Regular professional dental cleanings and good dental home care are essential if we want to keep our pet’s mouths healthy and pain-free. You may have heard several other names for this procedure, including a “dentistry”, a “dental”, or a “dental prophy”. None of these terms adequately describes the procedure that they refer to, and veterinary dentists are still arguing as to what this procedure should “officially” be called.
Traditionally, veterinarians have done a poor job at educating pet owners on the importance of regular dental cleanings. Too often, we wait until there is significant gum disease before recommending intervention. This is too late, and permanent damage has likely already occurred. That is a shame, because most dental disease is very preventable, with proper regular care and treatment.
Plaque is a slimy substance composed of bacteria, saliva, and mucoid substances that adhere to teeth. It is the plaque which collects just underneath the gumline that eventually causes inflammation, gingivitis and periodontal disease. This plaque can be removed by routine dental homecare such as brushing.
Within three to five days, minerals are deposited into this plaque, forming a hard deposit on the teeth called tartar. Once tartar has formed, brushing will no longer get rid of it — only a dental scaling will remove this substance once it has mineralized. The tartar is an excellent place for more plaque and bacteria to attach, causing a gradual worsening and deterioration of your pet’s dental health.
A complete dental cleaning procedure is designed to remove this plaque and tartar from the teeth, and to help prevent it from coming back as quickly. It also involves a complete and thorough examination of each and every tooth, both above and below the gumline, with the aid of dental radiographs. If any additional problems are found, further treatment may be necessary.
Have a look at all the steps we go through during one of these procedures…
Complete oral examination
Once the patient has been anaesthetized, we do a detailed examination of each tooth, looking for damaged or missing teeth, tooth mobility, malocclusions (teeth not fitting together properly), and presence of gingivitis and periodontal disease. A special instrument is used to probe around each tooth to see if any deep pockets exist around the roots of the teeth, which would require special care.
Dental radiographs are performed, usually of the entire mouth, to look for evidence of any disease below the gumline or within the teeth. For a more detailed description, please see our dental radiography page.
Supragingival tartar and plaque removal
Supragingival (above the gumline) tartar and plaque are removed with hand instruments called scalers as well as ultrasonic scalers. Water is continuously sprayed onto the teeth during ultrasonic cleaning to cool the surface of the tooth and prevent heat damage to its internal structures.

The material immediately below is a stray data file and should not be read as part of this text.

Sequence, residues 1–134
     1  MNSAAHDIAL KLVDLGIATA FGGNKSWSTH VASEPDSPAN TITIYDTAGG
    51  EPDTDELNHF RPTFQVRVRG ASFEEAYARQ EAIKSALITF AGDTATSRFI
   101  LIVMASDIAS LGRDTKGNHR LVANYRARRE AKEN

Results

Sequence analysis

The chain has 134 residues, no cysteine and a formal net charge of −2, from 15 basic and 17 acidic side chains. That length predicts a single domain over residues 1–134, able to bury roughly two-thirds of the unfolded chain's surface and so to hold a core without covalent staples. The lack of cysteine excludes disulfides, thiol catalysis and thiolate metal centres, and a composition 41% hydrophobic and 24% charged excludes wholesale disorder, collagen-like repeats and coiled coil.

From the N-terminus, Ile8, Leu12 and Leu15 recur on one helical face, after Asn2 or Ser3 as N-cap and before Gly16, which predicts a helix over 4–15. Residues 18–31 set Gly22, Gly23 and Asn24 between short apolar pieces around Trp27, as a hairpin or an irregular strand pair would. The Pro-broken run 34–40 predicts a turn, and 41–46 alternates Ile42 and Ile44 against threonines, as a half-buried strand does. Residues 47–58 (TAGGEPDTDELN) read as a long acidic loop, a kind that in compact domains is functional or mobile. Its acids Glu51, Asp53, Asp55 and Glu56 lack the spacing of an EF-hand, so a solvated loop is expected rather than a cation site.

Subgingival scaling and root planing
Subgingival (below the gumline) cleaning is the most important part of the dental cleaning procedure. It is the tartar and plaque that accumulate here that cause gingivitis and eventually lead to periodontal disease. If more advanced infection has set up around the root of the teeth causing bone loss, then root planing involves scraping the tartar and debris from around the roots that are no longer attached to bone.
When teeth are scaled to remove plaque and tartar, tiny little grooves and irregularities are left behind in the enamel of the teeth. These grooves are excellent places for bacteria and plaque to attach and start the process all over again.
Polishing the teeth with a coarse powder after scaling eliminates these tiny grooves, leaving a smooth enamel surface that plaque has a much harder time “grabbing onto”.
The sulcus is the small space just under the gumline around the tooth where plaque and bacteria can do their most damage. After scaling and polishing, the sulcus is irrigated, or washed with water to remove any remaining plaque and debris that has been left.
Once the cleaning has taken place, all problems or abnormalities encountered are charted or recorded for future reference. Any missing teeth, extractions, periodontal disease, masses, broken teeth, or treatments performed are recorded in detail, so that we may assess any progression of problems from one year to the next.
If abnormalities have been found during your pet’s procedure, such as significant periodontal disease, cavities, fractures, or any other lesions, then other specific treatments may need to be performed. Once again, it is important that your pet’s procedure is booked on a day when you are reachable by phone. We want to be able to discuss any problems that we find so that we can go ahead and do everything that must be done to ensure your pet a happy, comfortable mouth.
Home care recommendations
Homecare is just as important as regular dental cleanings to ensure your pet a healthy mouth for all of his or her life. We will make specific recommendations based on your pet’s circumstances. For more general information, see the section on dental homecare.